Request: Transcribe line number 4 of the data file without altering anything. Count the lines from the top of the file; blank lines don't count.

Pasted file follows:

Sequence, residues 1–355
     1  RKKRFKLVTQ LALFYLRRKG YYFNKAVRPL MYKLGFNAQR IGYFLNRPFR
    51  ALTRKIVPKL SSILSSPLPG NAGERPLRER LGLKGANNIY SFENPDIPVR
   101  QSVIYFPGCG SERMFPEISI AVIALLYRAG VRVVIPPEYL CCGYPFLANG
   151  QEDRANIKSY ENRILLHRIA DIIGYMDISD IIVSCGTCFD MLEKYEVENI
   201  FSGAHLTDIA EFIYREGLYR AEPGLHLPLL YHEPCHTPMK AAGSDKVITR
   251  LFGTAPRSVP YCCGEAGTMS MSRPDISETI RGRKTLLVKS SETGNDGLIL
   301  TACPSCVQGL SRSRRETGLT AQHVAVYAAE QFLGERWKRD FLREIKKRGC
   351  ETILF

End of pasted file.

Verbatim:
   101  QSVIYFPGCG SERMFPEISI AVIALLYRAG VRVVIPPEYL CCGYPFLANG